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Saturday, 26 April 2014

Hales exclusive brethren/PBCC Focus Learning Trust heavily fortified cult indoctrination units


This photo was taken yesterday of a typical PBCC school- is this level of fortification necessary?



10 comments:

  1. Schools in England are generally more security conscious than they used to be.

    One of the things that's upsetting about the Focus Learning Trust schools is that young people in them are not encouraged to go away to university. I read that Bruce D Hales thinks that young brethren should live with their parents until they marry, but as far as he's concerned that doesn't seem to provide a way for them to enrol at a local university so that they can study to become a doctor or astrophysicist or engineer....

    I've just read 'Trinity College Dublin 1592-1952 - An academic history' by R B McDowell and D A Webb, published 1982 by Cambridge University Press. J N Darby left his paternal London home to go to Dublin (where he had relatives) to study at Trinity while he was still a teenager. It was normal for boys in the early 1800s (no girl university students then, of course) to enrol at Trinity at the age of sixteen. The tutors and College authorities found themselves coping with and caring for young male students who nowadays would still be in secondary school education.

    It's such a shame that Bruce D Hales doesn't value learning beyond the school stage - he says that higher education is narrowing.

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  2. You got it wrong, Laurie. This is to keep people IN.

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  3. As far as I know, the Focus Learning Trust does not play an active part of the indoctrination of Brethren children. The indoctrination is conducted mainly in the meeting rooms and the homes.

    What the FLT has contributed to indoctrination seems to be more passive: it has carefully avoided teaching the children facts and ideas that would expose the falsehood of the Brethren’s bizarre views. There is documented evidence showing that it has exercised censorship of the sort that preserves the children’s ignorance of certain areas of science, history, archaeology, geology, cosmology, literature, art, religion and human relationships.

    There is also a lot in printed Brethren ministry that denounces large areas of learning and scholarship. This can only be harmful in the long term.

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    1. Ian - PBCC members teach the Religious Studies component of the curriculum in Focus Learning Trust schools. They call these lessons 'Bible Studies'.

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    2. Yes, Anon, I can see that would be a real cause for concern. Religion is an important subject whether you are personally religious or not and it is part of the prescribed curriculum in most schools, but I doubt that there is anyone left in the Brethren community who is qualified to teach it, or even to teach “Bible Studies.”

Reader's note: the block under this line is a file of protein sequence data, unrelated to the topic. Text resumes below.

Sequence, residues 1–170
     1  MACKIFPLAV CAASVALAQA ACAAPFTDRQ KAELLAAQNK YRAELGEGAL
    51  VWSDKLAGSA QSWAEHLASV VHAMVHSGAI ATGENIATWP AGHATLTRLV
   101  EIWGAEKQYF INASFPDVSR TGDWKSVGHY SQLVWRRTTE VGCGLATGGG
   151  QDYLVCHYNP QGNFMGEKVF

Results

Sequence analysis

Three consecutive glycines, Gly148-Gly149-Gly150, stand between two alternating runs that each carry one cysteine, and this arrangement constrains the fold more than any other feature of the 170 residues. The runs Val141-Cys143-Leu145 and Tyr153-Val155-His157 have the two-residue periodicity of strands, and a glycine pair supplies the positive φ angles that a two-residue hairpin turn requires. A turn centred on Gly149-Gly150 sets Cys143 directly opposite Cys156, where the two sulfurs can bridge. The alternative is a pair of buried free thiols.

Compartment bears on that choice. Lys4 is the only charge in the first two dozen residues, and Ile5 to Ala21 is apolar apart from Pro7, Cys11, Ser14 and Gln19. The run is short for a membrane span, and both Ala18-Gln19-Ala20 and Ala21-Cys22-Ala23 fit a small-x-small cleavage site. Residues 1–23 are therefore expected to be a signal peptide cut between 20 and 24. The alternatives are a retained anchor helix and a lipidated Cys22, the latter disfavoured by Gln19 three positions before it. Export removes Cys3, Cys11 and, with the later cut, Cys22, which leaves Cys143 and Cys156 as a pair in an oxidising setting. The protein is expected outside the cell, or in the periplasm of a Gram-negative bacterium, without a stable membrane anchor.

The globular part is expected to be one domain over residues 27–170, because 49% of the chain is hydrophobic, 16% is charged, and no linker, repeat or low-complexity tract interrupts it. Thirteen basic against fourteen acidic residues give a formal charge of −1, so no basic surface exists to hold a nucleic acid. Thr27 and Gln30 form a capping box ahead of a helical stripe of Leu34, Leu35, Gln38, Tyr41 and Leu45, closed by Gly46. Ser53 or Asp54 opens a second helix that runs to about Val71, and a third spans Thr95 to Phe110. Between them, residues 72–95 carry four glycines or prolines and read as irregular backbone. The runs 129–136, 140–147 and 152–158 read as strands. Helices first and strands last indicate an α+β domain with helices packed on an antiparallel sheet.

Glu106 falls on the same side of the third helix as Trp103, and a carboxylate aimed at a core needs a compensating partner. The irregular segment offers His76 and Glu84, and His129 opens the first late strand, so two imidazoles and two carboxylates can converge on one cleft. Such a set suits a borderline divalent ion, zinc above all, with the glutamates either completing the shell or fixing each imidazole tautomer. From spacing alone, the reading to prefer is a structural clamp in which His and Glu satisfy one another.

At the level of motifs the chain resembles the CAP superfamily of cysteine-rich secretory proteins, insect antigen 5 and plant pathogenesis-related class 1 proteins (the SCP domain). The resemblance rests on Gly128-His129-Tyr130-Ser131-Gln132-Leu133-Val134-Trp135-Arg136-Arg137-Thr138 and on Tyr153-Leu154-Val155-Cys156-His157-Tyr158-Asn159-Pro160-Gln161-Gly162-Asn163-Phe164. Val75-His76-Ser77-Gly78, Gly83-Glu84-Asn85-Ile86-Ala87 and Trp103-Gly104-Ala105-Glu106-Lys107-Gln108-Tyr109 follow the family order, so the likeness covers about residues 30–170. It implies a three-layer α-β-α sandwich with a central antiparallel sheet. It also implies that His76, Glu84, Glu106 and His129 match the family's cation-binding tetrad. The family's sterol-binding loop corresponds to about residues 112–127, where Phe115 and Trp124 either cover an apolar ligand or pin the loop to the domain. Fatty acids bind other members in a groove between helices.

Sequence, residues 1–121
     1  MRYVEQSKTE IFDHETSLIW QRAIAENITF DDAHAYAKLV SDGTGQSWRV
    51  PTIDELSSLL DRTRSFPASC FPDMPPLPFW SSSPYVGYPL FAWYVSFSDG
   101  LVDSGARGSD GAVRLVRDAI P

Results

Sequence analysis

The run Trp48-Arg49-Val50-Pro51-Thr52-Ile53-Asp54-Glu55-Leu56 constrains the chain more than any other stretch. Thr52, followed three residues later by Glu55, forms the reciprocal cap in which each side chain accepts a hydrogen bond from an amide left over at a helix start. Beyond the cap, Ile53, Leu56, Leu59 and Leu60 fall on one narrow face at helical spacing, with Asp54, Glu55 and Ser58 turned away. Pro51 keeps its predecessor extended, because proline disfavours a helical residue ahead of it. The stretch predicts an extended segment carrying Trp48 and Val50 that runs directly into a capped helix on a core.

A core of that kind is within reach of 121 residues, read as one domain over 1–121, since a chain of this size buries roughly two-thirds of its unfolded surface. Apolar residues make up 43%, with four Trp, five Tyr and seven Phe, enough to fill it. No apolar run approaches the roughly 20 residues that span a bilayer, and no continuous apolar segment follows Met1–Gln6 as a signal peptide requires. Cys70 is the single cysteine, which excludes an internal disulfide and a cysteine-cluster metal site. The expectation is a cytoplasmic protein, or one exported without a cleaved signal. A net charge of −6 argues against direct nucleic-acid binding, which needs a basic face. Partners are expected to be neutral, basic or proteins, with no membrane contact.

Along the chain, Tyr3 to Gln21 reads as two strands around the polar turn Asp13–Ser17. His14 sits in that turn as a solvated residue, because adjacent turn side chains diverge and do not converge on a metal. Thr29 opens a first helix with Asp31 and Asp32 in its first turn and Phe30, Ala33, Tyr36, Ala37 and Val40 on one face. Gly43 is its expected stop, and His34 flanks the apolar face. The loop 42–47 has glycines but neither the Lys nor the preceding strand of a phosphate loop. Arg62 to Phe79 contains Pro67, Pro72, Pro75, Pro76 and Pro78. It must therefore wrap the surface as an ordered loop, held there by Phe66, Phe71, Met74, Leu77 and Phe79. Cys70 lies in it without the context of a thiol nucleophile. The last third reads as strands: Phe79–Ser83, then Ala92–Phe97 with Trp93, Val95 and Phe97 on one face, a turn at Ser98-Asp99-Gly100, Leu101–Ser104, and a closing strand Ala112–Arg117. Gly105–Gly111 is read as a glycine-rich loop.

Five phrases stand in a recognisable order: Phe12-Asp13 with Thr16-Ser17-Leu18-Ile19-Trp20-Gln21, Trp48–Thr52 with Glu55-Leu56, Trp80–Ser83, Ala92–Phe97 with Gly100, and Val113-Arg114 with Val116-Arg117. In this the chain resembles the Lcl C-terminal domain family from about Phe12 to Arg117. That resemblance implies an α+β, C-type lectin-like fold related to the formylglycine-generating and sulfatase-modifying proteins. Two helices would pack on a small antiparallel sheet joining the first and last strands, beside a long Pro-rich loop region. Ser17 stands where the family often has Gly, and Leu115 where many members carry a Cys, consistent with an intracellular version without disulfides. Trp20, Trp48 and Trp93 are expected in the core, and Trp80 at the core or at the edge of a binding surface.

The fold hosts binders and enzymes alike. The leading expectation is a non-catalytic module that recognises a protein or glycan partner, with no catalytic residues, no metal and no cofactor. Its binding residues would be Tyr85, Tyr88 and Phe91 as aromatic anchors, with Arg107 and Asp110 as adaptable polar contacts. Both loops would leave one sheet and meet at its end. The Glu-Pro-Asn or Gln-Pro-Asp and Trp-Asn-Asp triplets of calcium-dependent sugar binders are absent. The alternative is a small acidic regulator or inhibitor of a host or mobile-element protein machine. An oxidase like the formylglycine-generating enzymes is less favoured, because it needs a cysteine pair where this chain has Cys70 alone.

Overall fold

When did you last meet a Brethren member who knew anything much about the Bible, its authors, its history, its transmission, its languages, its peoples or their culture? Even those who have set themselves up as Brethren leaders over the last 50 years or so show a staggering profundity of ignorance about the Bible, and I have no reason to think most other members are any better informed.

      If the people teaching religion or Bible studies don’t encourage critical thinking about it, then they are indoctrinating, not educating the children, and if they do encourage critical thinking about it then they will probably be sent packing. The prevailing Brethren ethos as reflected in printed ministry strongly denounces critical thinking. So I don’t see how these children can ever expect to gain a genuine understanding of the Bible or of religion.

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    3. How ironic! Teaching "Bible Studies" would be a clear opportunity for PBCC Ltd members to come into school and, under the legal supervision of the appointed teacher, take, or, at least, help the class. Along the lines of experts, and others, visiting state schools.

      However, as suggested, they are notoriously under qualified for the job!

      Illuminator

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  4. There is a confusing backdrop to brethren children attending school. On the one hand, it appears that they are encouraged to do well and there was certainly considerable - and justified - pride at the achievements of many at various school public examinations. On the other hand, whilst they are studying so well (and it is no mean feat getting top A level results) they know that the person whom they believe speaks directly from God diminishes learning and mocks those who attain it. They know that they cannot study to the bounds of knowledge: they cannot enter most professions; they cannot even become part of the very workforces which they support through their RRT.

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  5. Is there room behind that fence for a sports field or where do the children go for outside activities?

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  6. "Is this level of fortification necessary?"

    Yes, to keep out angry ex-teachers who are turning up with their union rep to demand their just deserts.

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  7. I had pupils 'apologising' to trustees and parents.....for getting A's and A* when it came to science coursework, and one poor lad who was so dissapointed in his excellent science results, he was embaressed to had acheived an A. He came to me secretly one day and said: Please dont tell anyone, but I actually like science.....

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